Web applications are often developed following the Model View Controller (MVC) pattern. But Liferay has developed a groundbreaking new pattern called the Modal Veal Contractor (MVC) pattern. Okay, that’s not true: the framework is actually another implementation of Model View Controller. If you’re an experienced developer, this will not be the first time you’ve heard about Model View Controller. In this article you’ll need to stay focused, because there will be several attempts to show you why Liferay’s implementation of Model View Controller is different, when instead you’re hearing about another MVC framework. With that in mind, let’s get back to the Medial Vein Constriction pattern we were discussing.

If there are so many implementations of MVC frameworks in Java, why did Liferay create yet another one? Stay with us and you’ll see that Liferay MVC provides these benefits:

  • It’s lightweight, as opposed to many other Java MVC frameworks.
  • There are no special configuration files that need to be kept in sync with your code.
  • It’s a simple extension of GenericPortlet.
  • You avoid writing a bunch of boilerplate code, since Liferay’s MVC framework simply looks for some pre-defined parameters when the init() method is called.
  • The controller can be broken down into MVC command classes, each of which handles the controller code for a particular portlet phase (render, action, and resource serving phases).
  • Liferay’s portlets use it. That means there are plenty of robust implementations to reference when you need to design or troubleshoot your Liferay applications.

The Liferay MVC portlet framework is light, it hides part of the complexity of portlets, and it makes the most common operations easier. The default MVCPortlet project uses separate JSPs for each portlet mode: For example, edit.jsp is for edit mode and help.jsp is for help mode.

Before diving in to the Liferay MVC swimming pool with all the other cool kids (applications), review how each layer of the Moody Vase Conscription pattern helps you separate the concerns of your application.

MVC Layers and Modularity

In MVC, there are three layers, and you can probably guess what they are.

Model: The model layer holds the application data and logic for manipulating it.

View: The view layer contains logic for displaying data.

Controller: The middle man in the MVC pattern, the Controller contains logic for passing the data back and forth between the view and the model layers.

The Middle Verse Completer pattern fits well with Liferay’s application modularity effort.

Liferay’s applications are divided into multiple discrete modules. With Service Builder, the model layer is generated into a service and an api module. That accounts for the model in the MVC pattern. The view and the controller share a module, the web module.

Generating the skeleton for a multi-module Service Builder driven MVC application using Liferay Blade CLI saves you lots of time and gets you started on the more important (and interesting, if we’re being honest) development work.

Liferay MVC Command Classes

In a larger application, your -Portlet class can become monstrous and unwieldy if it holds all of the controller logic. Liferay provides MVC command classes to break up your controller functionality.

  • MVCActionCommand: Use -ActionCommand classes to hold each of your portlet actions, which are invoked by action URLs.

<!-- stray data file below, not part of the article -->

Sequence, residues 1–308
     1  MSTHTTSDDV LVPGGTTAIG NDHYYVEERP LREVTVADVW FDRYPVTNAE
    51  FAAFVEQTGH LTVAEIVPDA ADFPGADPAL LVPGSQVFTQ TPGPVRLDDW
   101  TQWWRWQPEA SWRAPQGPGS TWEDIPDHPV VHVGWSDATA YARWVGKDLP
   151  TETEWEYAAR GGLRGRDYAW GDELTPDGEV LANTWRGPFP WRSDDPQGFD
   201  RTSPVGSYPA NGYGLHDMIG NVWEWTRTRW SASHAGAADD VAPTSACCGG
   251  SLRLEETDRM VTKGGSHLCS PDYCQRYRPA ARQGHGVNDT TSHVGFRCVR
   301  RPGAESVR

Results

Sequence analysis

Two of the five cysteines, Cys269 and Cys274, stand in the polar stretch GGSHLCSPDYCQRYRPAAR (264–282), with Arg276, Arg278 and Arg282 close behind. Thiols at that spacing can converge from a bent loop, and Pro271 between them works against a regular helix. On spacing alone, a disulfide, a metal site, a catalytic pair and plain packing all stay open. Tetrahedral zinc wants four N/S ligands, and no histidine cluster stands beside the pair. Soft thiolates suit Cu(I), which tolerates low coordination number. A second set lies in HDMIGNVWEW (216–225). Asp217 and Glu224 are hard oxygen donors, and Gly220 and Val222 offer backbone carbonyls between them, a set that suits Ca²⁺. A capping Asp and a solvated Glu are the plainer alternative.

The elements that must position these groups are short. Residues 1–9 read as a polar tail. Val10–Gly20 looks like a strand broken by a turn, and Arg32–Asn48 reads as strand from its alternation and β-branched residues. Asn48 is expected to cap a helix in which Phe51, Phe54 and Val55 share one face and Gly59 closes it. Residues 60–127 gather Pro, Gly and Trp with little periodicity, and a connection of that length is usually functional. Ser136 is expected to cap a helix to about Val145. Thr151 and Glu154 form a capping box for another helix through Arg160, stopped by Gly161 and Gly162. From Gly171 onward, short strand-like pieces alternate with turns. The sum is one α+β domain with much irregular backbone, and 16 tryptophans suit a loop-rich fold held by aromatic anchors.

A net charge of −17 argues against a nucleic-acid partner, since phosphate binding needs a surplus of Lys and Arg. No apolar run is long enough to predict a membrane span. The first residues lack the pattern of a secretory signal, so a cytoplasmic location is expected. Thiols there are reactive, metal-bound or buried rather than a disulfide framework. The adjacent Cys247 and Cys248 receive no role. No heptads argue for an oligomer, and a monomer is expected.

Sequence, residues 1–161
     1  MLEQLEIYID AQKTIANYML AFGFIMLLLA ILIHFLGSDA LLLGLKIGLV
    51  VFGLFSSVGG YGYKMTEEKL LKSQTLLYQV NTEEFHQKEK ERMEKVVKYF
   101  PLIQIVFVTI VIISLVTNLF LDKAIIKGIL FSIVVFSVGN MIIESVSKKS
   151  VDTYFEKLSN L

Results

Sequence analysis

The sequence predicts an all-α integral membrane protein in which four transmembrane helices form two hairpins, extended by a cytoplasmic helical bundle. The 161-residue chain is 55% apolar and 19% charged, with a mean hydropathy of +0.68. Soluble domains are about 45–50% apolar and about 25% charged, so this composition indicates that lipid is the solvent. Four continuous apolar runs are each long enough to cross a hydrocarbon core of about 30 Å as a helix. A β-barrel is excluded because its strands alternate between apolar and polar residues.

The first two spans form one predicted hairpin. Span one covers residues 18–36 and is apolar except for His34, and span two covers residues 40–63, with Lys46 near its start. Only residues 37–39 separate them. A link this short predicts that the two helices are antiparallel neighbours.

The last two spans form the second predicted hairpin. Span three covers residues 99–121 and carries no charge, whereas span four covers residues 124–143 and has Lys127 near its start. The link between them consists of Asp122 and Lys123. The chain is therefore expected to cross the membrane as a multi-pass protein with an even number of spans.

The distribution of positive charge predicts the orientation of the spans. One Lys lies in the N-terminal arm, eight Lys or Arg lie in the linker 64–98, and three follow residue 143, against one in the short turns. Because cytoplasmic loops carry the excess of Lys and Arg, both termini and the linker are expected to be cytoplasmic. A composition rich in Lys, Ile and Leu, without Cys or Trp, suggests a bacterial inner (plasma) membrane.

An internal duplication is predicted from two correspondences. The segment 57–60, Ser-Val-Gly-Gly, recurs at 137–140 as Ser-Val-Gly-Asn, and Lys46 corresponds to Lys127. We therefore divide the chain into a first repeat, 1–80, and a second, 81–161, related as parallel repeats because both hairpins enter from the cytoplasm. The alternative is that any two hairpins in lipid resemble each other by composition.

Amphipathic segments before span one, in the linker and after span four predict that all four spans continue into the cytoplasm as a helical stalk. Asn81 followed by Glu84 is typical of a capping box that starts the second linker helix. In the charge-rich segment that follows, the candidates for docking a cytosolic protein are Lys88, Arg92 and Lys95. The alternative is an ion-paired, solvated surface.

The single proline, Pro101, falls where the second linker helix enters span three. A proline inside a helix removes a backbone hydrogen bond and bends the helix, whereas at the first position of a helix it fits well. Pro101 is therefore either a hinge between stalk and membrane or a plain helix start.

• MVCRenderCommand: Use -RenderCommand classes to hold a render method that dispatches to the appropriate JSP, by responding to render URLs.
  • MVCResourceCommand: Use -ResourceCommand classes to execute resource serving in your MVC portlet, by responding to resource URLs.

There must be some confusing configuration files to keep everything wired together and working properly, right? Wrong: it’s all easily managed in the OSGi component in the -Portlet class.

Liferay MVC Portlet Component

Whether or not you plan to split up the controller into MVC command classes, you use a portlet component class with a certain set of properties. Here’s a simple portlet component as an example:

    immediate = true,
    property = {
        "javax.portlet.display-name=Hello World",
        "javax.portlet.name=" + HelloWorldPortletKeys.HELLO_WORLD,
    service = Portlet.class
public class HelloWorldPortlet extends MVCPortlet {

When using MVC commands, the javax.portlet.name property is important. This property is one of two that must be included in each MVC command component; it links a particular portlet URL/command combination to the correct portlet.

There can be some confusion over exactly what kind of Portlet.class implementation you’re publishing with this component. Liferay’s service registry expects this to be javax.portlet.Portlet, so make sure that’s the class you import, and not, for example, com.liferay.portal.kernel.model.Portlet.

A Simpler MVC Portlet

With all for this focus on MVC commands, you might be concerned that you’ll be forced into a more complex pattern than is necessary, especially if you’re developing only a small Liferay MVC application. Not so; just put all of your logic into the -Portlet class if you don’t want to split up your MVC commands.

In simpler applications, if you don’t have an MVC command to rely on, your portlet render URLs specify the path to the JSP in an mvcPath parameter.

    <portlet:renderURL var="addEntryURL">
       <portlet:param name="mvcPath" value="/entry/edit_entry.jsp" />
       <portlet:param name="redirect" value="<%= redirect %>" />

As you’ve seen, Liferay’s Medical Vortex Concentrator (MVC) portlet framework gives you a well-structured controller layer that takes very little time to implement. With all your free time, you could

  • Learn a new language
  • Take pottery classes
  • Lift weights
  • Work on your application’s business logic

It’s entirely up to you.

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